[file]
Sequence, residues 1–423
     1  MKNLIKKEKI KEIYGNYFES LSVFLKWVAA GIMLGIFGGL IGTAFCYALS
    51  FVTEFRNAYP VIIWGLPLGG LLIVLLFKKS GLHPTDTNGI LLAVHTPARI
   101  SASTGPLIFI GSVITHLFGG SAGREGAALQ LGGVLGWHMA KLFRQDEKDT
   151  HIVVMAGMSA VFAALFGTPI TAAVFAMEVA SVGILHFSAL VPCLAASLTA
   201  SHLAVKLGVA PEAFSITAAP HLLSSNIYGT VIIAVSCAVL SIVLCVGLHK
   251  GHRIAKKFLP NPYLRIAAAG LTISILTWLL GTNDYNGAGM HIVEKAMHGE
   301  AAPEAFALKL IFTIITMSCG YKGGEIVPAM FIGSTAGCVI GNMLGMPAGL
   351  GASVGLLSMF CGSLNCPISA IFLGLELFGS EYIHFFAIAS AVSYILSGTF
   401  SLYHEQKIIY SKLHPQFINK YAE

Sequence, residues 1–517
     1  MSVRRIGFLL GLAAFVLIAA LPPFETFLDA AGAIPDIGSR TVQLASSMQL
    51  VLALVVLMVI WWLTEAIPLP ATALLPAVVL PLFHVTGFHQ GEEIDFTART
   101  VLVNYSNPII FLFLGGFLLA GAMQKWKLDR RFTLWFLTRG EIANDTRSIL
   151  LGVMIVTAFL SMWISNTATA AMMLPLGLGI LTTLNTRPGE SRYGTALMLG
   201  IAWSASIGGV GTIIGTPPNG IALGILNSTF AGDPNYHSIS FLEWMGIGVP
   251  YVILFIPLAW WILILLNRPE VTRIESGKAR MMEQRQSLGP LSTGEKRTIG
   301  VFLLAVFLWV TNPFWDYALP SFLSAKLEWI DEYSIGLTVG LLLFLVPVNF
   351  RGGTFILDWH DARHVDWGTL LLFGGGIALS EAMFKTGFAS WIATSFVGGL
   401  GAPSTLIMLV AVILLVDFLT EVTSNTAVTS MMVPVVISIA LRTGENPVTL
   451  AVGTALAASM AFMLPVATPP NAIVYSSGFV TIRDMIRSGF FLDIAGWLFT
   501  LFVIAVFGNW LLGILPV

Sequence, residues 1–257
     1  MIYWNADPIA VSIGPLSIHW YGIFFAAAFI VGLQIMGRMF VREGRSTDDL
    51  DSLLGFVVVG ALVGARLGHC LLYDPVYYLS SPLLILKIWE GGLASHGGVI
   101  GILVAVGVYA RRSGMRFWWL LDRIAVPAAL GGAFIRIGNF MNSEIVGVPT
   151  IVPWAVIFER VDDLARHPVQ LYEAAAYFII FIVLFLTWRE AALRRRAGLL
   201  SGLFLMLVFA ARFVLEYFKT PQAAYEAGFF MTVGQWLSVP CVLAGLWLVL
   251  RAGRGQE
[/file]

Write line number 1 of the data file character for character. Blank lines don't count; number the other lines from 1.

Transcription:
Sequence, residues 1–423